Aligning Incident and Change Management with Business Priorities

Every organization today relies on some level of IT forbusiness-critical services. Point-of-sale systems in retail environments,automated teller machines in banking, and just-in-time inventory and orderingsystems in manufacturing are a few examples. Disruption or degradation of thesesystems can have serious ramifications on the business, including revenuelosses, reduced profitability, damaged reputation, and even defection of customersto the competition.

As a result, organizations are transitioning to a Service Managementapproach by simplifying, standardizing, and automating IT processes in order toefficiently manage business services throughout their lifecycle.

Failing to understanding how IT infrastructure supportsbusiness services results in a high number of unplanned outages due to change —and subsequently, in service desk targets being missed due to poorprioritization of incidents and inefficient investigations. As a result,service desk staff are overwhelmed by constant firefighting, and end users arefrustrated by regular outages and performance issues.

What’s more, the increased infrastructure flexibility andagility that virtualization and cloud computing brings introduces higher levelsof complexity, coexistence, and dynamism to the service management process.  As a result, the traditional manual approachto maintaining a map of which IT infrastructure supports critical businessapplications and services is no longer feasible.

IT organizations need a solution that can maintain anaccurate map of the underlying infrastructure and its changing dependencies. Automatic application dependency mappingis a critical step toward effective service management, providing the linkbetween business services, applications, and the supporting infrastructure.

Today many of the challenges facing organizationsundertaking this effort occur as they transition to a modern data center.  One of the solutions to these challenges ishow organizations can utilize dynamically maintained Discoveryand Dependency Mapping to create business-aware change management and incident management service modelsADDM mapping.png

The goals of moving to a Businessaware process at a high level are:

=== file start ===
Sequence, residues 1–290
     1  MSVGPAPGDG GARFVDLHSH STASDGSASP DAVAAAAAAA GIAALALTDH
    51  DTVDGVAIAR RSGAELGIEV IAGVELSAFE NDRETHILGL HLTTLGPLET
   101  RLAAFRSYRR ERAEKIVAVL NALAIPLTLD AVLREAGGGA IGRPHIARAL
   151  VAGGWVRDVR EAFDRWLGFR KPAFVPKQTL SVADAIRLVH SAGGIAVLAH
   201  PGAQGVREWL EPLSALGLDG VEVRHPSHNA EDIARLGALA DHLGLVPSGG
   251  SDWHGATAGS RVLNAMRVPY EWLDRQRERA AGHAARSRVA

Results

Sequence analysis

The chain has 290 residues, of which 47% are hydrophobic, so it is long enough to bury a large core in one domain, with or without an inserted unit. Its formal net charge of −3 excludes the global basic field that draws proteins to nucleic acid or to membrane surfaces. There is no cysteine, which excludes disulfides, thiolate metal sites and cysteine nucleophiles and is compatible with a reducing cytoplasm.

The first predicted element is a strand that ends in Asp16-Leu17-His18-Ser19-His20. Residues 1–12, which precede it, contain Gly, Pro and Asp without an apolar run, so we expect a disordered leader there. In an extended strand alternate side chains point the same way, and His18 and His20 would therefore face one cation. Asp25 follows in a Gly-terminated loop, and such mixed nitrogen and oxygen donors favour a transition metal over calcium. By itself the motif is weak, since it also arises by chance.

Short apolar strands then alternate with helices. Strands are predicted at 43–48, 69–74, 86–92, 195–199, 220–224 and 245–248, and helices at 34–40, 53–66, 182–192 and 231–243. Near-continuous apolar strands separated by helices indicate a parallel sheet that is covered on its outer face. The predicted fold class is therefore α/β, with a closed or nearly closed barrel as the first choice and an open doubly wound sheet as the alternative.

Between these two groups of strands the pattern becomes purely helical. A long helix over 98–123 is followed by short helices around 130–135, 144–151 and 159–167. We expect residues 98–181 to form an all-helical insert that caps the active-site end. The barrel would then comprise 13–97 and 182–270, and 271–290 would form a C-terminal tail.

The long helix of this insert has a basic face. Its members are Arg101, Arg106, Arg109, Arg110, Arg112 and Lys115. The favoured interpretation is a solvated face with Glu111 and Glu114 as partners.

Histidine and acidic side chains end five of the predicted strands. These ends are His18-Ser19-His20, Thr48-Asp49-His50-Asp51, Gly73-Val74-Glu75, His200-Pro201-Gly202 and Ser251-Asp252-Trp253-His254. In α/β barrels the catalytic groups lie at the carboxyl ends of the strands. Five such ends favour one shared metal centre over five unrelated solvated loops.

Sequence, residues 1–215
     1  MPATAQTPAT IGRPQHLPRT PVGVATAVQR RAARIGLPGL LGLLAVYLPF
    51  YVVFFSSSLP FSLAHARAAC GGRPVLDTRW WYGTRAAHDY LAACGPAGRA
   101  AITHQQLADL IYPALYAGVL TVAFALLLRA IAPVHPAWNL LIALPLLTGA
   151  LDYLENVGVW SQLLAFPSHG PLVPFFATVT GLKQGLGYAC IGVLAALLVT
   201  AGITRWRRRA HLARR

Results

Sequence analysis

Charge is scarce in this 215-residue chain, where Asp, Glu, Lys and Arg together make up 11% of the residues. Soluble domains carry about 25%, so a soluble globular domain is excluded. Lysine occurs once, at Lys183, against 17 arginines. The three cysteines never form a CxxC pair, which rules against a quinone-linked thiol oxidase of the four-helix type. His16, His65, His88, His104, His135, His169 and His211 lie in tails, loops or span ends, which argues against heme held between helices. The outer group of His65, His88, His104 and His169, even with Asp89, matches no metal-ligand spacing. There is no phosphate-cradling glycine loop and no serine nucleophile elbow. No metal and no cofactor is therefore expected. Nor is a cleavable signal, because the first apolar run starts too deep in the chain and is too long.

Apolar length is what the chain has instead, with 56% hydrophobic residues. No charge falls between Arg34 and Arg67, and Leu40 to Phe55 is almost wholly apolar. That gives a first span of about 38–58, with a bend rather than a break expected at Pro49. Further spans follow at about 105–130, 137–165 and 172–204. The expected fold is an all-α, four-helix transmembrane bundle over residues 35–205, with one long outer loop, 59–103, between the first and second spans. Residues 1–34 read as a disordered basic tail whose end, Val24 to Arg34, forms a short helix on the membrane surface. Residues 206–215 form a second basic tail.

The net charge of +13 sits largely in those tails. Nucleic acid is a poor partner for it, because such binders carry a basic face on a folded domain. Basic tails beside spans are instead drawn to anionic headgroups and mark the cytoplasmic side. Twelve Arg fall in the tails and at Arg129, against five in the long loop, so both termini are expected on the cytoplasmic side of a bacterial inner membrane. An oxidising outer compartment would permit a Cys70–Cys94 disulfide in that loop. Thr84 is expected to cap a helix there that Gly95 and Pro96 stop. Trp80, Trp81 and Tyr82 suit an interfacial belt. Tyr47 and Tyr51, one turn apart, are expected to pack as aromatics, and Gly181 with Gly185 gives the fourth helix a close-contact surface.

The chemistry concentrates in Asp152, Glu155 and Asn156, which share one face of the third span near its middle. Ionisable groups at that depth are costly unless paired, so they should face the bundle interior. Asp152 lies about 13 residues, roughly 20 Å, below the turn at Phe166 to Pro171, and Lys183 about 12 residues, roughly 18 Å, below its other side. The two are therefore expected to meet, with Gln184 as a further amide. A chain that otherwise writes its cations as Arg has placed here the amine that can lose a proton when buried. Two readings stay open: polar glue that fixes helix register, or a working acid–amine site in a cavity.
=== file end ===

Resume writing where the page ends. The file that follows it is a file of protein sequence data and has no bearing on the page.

• Reducing the business impact of change
  • Better prioritizing incidents
  • Reducing incident resolution times

The Business Benefits of A Business-aware Incident and change management process

Organizations that have made the transition to business-awareprocesses report the following benefits:

IncidentManagement

  • Reduce mean time to repair (MTTR)

o    Prioritize  incidents based on accurate service impactanalysis

o    Simplifyand accelerate problem isolation based on accurate root cause analysis

  • More effective and faster decision-making byproviding accessible and accurate configuration information to service desk andIT operations staff
  • Improve operational efficiency; delivering highquality service while controlling costs
  • Better estimations of the time and cost ofimplementing a change
  • Higher change success rate by improving the impactand risk assessment of change.
  • Increased service availability by schedulingchanges outside of business hours minimizing risk from unexpected consequencesand reducing outages caused change conflicts
  • Increased productivity by reducing failedchanges and therefore unplanned work, service disruption, defects, and re-workfor IT staff and the business.
  • Increased confidence that a change has beenimplemented correctly, preventing errors and the unintended side effects ofchange that can increase risks building up over time.

Change and Release Management

  • Better estimations of the time and cost ofimplementing a change
  • Higher change success rate by improving the impactand risk assessment of change.
  • Increased service availability by schedulingchanges outside of business hours minimizing risk from unexpected consequencesand reducing outages caused change conflicts
  • Increased productivity by reducing failedchanges and therefore unplanned work, service disruption, defects, and re-workfor IT staff and the business.
  • Increased confidence that a change has beenimplemented correctly, preventing errors and the unintended side effects ofchange that can increase risks building up over time.

Learn more by checking out these great videos  on the power of Discovery andDependency mapping and how to integrate into your service management strategy

These postings are my own and do not necessarily represent BMC's position, strategies, or opinion.

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